The apocalyptic city is populated with radical optimists.
—Carlos Monsiváis, “Identity Hour or,
What Photos Would You Take of the Endless
City? (From a Guide to Mexico City)”
Walking, I am sure my little, black pug, Picadou, would agree, is the essential part of our day. If Picadou could talk, I think she would say that grass is nice, but humans and canines—their smells, habits and whereabouts (or nowhereabouts)—are the most interesting. So when we go for our afternoon walk down the Avenida Francisco Sosa, which has tall trees whose branches hold hands across the street, we don’t mind the lack of grass.
But first we have to hurry down our own narrow street. Beneath the canopy of bougainvillea and lavender wisteria, birds chuckle; a gecko slithers up a wall into ivy. Weeds and tufts of grass poke between the cobblestones; Picadou picks her way eagerly, but carefully as a cat.
In the length of a ball’s toss, we’re in the alleyway of Montecristo, aiming straight at the Avenida Francisco Sosa. Most of Montecristo is spanned by the jail-high wall of the pumpkin-colored house that was listed by Sotheby’s for several million dollars but took as many million years to sell (I suspect at a much lower price than was asked) because, after all, its front door is on an alleyway. Here the sidewalk is only two flagstones wide, and cars barrel past over the jumbled stones, the chassis creaking and tires bumping. Picadou does not like me to, but I pick her up and carry her. To avoid the lamp post, I have to step down into the street; then, after waiting for a VW van to rattle past, I step down again to go around a smashed beer bottle. There goes the Domino’s Pizza delivery scooter, put-put-put.
Once on the Avenida Francisco Sosa, we do not turn right and visit Ingrid, who is blond and from Sweden and has a lipstick-red chair at her desk in her L’Arlequín shop, because she has that Akita. He lies there among the pottery lamps and pewter trays, quiet as a rolled-up rug, but his ears are always pricked. Ingrid told me once that, years ago when she had her other Akita, a man slipped in and held a knife to her throat, and the Akita attacked him. If we were to turn right and trot past Ingrid’s shop (very quickly), in another block we would come to the house of the conquistador Pedro de Alvarado. This house is the headquarters of the Octavio Paz Foundation, but Picadou is not allowed into the bookshop or into the garden, with its burbling fountain and sweet-smelling orange trees, and so—Picadou has decided—we bear left.
Picadou, who is in her purple halter, pulls hard. She may be tiny enough to snooze on my lap while I work, but she is a solidly muscled 16 pounds of willful pug. Multo in parvum—a lot of dog in a small package—is the motto of the breed. Before Picadou I had two male pugs, Foo and Ti. When Ti was young, in a flying rage at the sound of the doorbell, he broke the hall door off its hinges.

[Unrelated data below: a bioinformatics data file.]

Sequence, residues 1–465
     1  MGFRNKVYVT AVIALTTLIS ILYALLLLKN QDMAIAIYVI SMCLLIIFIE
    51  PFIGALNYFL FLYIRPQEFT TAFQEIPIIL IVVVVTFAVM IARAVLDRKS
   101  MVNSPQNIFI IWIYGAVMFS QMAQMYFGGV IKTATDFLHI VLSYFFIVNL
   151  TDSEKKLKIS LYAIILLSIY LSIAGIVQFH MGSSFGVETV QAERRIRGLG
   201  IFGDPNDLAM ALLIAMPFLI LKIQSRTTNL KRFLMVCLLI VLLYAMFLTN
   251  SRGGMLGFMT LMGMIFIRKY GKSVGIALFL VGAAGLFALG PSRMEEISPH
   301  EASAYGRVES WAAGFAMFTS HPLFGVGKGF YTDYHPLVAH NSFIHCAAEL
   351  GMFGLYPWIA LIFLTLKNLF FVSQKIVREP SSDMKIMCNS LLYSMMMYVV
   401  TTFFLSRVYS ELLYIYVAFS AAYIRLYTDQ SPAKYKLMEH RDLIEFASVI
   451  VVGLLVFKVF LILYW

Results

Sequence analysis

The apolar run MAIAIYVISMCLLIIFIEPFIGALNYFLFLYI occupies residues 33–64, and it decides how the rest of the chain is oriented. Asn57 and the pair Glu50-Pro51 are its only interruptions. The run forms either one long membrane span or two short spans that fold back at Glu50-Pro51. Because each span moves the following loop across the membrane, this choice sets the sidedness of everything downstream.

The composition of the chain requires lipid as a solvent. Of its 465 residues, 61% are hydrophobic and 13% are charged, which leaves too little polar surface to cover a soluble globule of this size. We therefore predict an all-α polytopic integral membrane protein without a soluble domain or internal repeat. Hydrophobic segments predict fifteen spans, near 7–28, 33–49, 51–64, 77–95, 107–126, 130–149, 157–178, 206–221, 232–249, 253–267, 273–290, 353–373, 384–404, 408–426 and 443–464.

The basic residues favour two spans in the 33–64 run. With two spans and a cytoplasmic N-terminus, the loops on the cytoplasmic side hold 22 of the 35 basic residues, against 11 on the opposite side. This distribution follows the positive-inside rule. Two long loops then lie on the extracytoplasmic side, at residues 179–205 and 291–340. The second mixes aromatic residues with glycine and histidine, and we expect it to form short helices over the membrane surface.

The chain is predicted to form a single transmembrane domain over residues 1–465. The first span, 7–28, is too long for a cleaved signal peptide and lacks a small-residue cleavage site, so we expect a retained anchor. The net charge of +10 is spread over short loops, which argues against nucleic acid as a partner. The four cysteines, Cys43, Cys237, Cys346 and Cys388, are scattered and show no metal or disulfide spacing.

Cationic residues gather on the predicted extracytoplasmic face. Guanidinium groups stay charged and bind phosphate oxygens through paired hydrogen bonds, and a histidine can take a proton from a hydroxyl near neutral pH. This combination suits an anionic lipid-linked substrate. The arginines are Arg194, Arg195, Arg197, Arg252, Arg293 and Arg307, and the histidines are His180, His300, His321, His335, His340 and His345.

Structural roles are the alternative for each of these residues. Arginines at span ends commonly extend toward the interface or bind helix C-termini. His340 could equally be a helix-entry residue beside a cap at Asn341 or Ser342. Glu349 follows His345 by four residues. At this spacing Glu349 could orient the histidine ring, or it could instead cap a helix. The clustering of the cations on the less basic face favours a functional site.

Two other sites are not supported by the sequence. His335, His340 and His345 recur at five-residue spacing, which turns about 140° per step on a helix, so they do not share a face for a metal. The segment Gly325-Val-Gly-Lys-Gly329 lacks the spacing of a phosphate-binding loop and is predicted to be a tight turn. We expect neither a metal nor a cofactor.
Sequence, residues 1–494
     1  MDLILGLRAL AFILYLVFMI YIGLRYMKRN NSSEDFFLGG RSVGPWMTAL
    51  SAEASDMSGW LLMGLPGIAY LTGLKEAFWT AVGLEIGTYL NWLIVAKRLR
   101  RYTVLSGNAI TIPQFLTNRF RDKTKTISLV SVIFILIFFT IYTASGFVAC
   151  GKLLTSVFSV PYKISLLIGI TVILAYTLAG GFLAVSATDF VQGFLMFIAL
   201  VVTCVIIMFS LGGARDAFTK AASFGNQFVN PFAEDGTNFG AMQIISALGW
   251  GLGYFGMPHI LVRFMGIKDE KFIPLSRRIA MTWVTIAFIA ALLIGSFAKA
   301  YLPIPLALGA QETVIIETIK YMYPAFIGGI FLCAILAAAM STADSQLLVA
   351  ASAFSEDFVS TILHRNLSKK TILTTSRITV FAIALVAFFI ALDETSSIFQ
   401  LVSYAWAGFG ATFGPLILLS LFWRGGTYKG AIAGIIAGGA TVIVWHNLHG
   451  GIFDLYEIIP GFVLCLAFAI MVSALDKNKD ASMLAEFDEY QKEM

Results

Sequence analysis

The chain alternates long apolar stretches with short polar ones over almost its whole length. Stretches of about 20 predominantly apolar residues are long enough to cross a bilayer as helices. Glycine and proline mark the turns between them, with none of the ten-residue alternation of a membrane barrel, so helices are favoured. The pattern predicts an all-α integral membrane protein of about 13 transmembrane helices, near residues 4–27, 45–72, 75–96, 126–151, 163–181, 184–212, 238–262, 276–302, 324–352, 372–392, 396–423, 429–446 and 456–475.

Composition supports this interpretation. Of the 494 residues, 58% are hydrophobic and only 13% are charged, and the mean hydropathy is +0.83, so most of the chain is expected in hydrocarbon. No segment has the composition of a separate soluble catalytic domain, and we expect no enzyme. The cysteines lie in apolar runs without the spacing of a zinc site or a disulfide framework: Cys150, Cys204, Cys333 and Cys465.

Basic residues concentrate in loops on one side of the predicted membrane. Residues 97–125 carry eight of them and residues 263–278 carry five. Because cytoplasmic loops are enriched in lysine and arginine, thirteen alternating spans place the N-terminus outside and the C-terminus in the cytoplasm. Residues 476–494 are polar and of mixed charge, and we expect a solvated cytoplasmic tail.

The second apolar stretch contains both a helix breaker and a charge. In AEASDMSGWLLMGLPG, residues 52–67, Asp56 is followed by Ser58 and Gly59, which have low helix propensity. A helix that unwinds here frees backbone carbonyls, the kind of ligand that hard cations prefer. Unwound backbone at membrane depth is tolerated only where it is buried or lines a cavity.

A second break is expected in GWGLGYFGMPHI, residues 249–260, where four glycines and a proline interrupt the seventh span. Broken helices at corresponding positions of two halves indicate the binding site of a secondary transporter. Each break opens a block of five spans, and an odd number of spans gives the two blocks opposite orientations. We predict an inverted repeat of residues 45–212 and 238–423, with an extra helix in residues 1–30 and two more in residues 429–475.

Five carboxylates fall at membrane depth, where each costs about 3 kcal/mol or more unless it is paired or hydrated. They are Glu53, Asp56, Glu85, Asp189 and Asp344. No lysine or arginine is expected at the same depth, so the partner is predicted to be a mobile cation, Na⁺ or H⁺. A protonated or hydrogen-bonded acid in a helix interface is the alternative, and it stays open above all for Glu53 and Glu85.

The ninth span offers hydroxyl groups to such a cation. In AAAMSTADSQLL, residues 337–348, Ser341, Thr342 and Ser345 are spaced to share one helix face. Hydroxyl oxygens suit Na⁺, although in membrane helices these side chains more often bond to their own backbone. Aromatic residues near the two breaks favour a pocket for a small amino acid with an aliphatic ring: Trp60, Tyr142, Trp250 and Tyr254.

When we cross it from Montecristo, we are nearly a third of the way down the nearly mile-long Avenida Francisco Sosa. It begins a few blocks before Ingrid and her Akita, at the baroque gem of a chapel called Panzacola, and ends—a straight shot east—at the bustling main plaza of El Jardín del Centenario, where we will arrive in about 15 minutes. A broad, one-way street paved with oyster-gray concrete bricks, Francisco Sosa is the main artery of historic Coyoacán, which nestles within the borough of the same name. Coyoacán—in Nahuátl, “The Place of Those Who Keep Coyotes”—is in the south of the megalopolis of Mexico City. With over 20 million inhabitants, Mexico City may well be the largest in the world, the “Super-Calcutta,” as Carlos Monsiváis lampoons it, “the post-apocalyptic city” and “the laboratory of the extinction of the species”—not that Picadou would care a snuffle about any of that.
Here on Francisco Sosa, it feels refreshingly green and scaled down to a walkable coziness. Most of its buildings date from the 18th century, and as is the style in Spanish Granada and Córdova, their roofs are flat and their windows resolutely barred, and the walls edge right up to the sidewalk, though with touches of New World color— papaya, pink, ocean blue—and spangled with the gray-tinged light that falls through the trees. Gardens and patios are hidden from street view, though yellow and pink bougainvillea spill over an adobe wall. Here and there peek the wiggy heads of palm trees. Where the walls make corners into doors there are urgently fascinating smells that Picadou must stop to sniff.
When the conquistadors arrived in 1519, Coyoacán was a village on the southern shore of the lake that surrounded the Aztecs’ island capital of Tenochtitlán. To the west stretched fields of corn and agave; to the south, a6x21/2 mile bed of soot-black lava from the eruption of Xitle, one of the many volcanos that ring this high-altitude basin. Over the centuries Coyoacán has been engulfed by Mexico City, the lake filled in and, like the fields and the lava bed, ribboned with expressways and blanketed with houses and apartment buildings, universities and schools, banks, supermarkets, a Sears, a Price Club and sushi bars galore. Not to mention all those Domino’s Pizzas.
Fortunately for Picadou, the coyotes are long gone. But I worry about the callejeros, the strays. They can lunge and bite. Because of them, I carry this walking stick. I’ve yet to whack a dog with it, but I’m not shy. When I need to, I wave it around or bang it on the sidewalk and shout, “No!”
Suddenly Picadou’s scruff bristles, and she lets out sharp, squealing barks. Behind a door, a spaniel answers her with fierce, deep growls, and he runs back and forth, his toenails scrabbling on the bricks. His snout pokes out from under the door, and he snarls. Picadou woofs right back. The mutts across the street start yipping and howling. One of them—what looks like a beagle-poodle—is up on the flat roof of the service quarters, bouncing. Boing, bark! Boing, bark!